What I’m really trying to say is this: from the slums of Shaolin, Method Man and Redman struck again.
The first time I heard Young Thug, I was in my car. I had just downloaded his 1017 Thug mixtape and put it on my iPhone. The first song I skipped to was the one that garnered a considerable amount of buzz among message boards and tastemakers alike – a song entitled “Picacho.” “My diamonds just say Picacho,” Young Thug shouted, his voice almost cracking before heading into the second line. Though the wordplay itself was not necessarily the best I had ever heard, it was certainly noteworthy because of the yelping vocal delivery. It’s a pulse of energy that you can feel in your chest with each listen, and you just want to sing along during every chorus. You want to imitate that weird style and see if you can pull it off yourself. You are not Young Thug though, and you cannot perform this to desired results. It is, however, extremely fun to try and do so.
Fast forward to January, and Young Thug drops Black Portland with his booming cohort, Bloody Jay. On this effort, you hear gargles, warbles, whispers and that esophageal sound that you’d only hear when watching The Grudge. The signature sonic hiccuping from 1017 Thug is still present, but it is flanked by Young Thug using the low end of his voice. There’s a lot more mumbling, which starts from a high squeal, but it slowly degrades into something you are hardly able to discern. This is most evident on “Movin,” where Young Thug devolves into someone who hasn’t quite remembered the words to his favorite rapper’s song and starts uttering them with the confidence of a backing track. It’s one of the many things on Black Portland that makes it such a great listen. It can go from ALL-CAPS to 8-pt wingdings at the drop of a fast-paced snare roll.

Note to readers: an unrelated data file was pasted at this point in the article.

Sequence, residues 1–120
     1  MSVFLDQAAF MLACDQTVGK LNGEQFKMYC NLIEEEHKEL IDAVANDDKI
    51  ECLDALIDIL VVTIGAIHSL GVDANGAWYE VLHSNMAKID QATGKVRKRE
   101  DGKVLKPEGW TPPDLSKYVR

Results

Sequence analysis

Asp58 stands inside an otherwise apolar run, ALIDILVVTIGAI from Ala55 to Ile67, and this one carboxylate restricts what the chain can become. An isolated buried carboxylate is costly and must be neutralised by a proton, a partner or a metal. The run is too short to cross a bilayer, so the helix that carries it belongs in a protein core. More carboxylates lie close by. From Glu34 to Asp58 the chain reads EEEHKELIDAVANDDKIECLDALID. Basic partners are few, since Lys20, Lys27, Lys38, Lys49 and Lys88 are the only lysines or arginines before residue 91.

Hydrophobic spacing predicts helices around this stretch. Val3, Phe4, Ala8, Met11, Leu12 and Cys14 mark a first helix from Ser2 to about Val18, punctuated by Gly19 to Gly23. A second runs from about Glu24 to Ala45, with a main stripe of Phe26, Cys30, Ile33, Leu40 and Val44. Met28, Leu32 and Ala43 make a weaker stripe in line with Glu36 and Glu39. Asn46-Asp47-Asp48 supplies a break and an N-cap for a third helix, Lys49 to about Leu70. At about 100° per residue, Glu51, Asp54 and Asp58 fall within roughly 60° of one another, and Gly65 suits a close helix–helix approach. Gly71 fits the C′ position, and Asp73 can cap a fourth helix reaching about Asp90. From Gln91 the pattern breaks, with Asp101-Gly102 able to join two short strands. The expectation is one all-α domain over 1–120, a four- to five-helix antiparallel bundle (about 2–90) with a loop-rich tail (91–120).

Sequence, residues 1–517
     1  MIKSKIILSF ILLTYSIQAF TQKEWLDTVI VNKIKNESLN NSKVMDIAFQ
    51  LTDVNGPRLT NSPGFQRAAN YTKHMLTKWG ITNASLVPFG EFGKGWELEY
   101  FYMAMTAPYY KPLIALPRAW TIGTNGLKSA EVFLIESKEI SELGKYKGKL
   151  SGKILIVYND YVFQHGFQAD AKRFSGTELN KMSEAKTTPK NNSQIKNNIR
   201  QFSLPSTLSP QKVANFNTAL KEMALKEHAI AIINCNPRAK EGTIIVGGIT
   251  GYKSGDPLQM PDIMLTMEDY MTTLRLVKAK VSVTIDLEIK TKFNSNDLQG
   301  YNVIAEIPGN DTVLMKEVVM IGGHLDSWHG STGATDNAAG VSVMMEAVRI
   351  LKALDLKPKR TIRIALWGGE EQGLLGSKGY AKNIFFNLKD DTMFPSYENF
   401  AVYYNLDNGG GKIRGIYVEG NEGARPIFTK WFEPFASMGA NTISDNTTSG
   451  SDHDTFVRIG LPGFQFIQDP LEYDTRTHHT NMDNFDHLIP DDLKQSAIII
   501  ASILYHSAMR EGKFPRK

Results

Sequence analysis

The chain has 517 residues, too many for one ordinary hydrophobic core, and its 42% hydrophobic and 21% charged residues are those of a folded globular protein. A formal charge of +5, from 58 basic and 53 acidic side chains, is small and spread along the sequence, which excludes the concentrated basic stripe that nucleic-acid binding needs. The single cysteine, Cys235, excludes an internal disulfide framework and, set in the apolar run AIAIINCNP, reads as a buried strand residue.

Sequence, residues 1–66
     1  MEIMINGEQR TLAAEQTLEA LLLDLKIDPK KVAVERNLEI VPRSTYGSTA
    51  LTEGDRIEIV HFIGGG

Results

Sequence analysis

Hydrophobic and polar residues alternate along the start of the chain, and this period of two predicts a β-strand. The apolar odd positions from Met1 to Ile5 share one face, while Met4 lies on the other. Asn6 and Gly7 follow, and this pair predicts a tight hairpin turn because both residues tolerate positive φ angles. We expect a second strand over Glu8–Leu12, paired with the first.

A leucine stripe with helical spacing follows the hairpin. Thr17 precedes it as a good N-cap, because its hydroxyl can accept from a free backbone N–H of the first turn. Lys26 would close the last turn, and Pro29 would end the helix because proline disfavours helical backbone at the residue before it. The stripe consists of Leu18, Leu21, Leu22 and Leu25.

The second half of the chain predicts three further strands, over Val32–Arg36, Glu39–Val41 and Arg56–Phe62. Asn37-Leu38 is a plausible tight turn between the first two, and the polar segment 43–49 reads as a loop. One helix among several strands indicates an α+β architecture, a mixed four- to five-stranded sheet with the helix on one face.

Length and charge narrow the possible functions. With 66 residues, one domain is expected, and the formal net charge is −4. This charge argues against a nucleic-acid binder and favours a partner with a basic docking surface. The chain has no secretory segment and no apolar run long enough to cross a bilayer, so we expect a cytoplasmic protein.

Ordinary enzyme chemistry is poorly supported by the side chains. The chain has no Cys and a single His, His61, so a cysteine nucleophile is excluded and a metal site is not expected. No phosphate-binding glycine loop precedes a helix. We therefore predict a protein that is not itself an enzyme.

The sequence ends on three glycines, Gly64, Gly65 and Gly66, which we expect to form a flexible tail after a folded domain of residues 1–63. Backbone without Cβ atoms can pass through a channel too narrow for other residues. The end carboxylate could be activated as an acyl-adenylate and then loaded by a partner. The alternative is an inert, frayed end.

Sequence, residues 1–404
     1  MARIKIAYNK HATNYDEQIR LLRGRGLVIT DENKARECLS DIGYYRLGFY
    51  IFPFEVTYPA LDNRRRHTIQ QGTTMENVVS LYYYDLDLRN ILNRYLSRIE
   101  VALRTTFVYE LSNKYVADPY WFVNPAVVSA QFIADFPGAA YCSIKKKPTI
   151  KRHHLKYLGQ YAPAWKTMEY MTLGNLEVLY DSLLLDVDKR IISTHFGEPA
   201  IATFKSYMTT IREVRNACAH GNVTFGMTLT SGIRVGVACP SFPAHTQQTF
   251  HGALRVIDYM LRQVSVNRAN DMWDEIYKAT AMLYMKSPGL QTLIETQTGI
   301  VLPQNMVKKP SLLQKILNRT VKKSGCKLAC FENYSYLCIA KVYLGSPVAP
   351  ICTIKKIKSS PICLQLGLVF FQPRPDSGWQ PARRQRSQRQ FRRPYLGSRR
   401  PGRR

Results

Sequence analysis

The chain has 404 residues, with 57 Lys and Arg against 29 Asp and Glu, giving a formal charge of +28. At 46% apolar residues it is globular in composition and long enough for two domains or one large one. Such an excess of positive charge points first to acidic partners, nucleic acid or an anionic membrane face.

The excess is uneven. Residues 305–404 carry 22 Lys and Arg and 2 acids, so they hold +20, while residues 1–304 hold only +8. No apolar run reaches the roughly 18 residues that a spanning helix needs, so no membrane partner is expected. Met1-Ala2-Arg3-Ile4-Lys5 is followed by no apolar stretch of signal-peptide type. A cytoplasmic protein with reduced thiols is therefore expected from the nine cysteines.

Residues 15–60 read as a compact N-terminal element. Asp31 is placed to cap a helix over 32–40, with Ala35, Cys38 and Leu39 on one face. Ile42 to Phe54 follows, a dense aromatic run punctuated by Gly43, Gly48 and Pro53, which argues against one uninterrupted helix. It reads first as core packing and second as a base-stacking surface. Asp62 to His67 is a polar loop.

With news breaking this week that OutKast will embark on a tour starting at Coachella in 2014 for the first time in a decade, the music community, hip-hop in particular, is already trembling with excitement. These bastions of southern rap have done enough separately to keep things interesting since the 2003 release of Speakerboxxx/The Love Below (or the 2006 release of Idlewild, depending on who you ask), but even if they hadn’t it would still be a monumental reunion by any standards. We at Tuesdays With Horry are just as excited as everyone else, so a few of us discussed what this means from a personal or macro standpoint.
So begins the mid-life memoir of Ahmir “?uestlove” Thompson, Mo’ Meta Blues: The World According to Questlove. Thompson, whose drumming with neo-soul outfit The Roots and, consequently, on Late Night With Jimmy Fallon has catapulted him to fringes of the American musical conscience, a place which seems hard-earned and well-deserved, yet perhaps not entirely desired. The dedication, directed toward Roots co-founder Tariq “Black Thought” Trotter, sets the tone for an exploration of Thompson’s ego, which rides a strange line between pretension, generally about the history of the music he loves, and modesty, generally about his own career and the experiences which have made him who he is.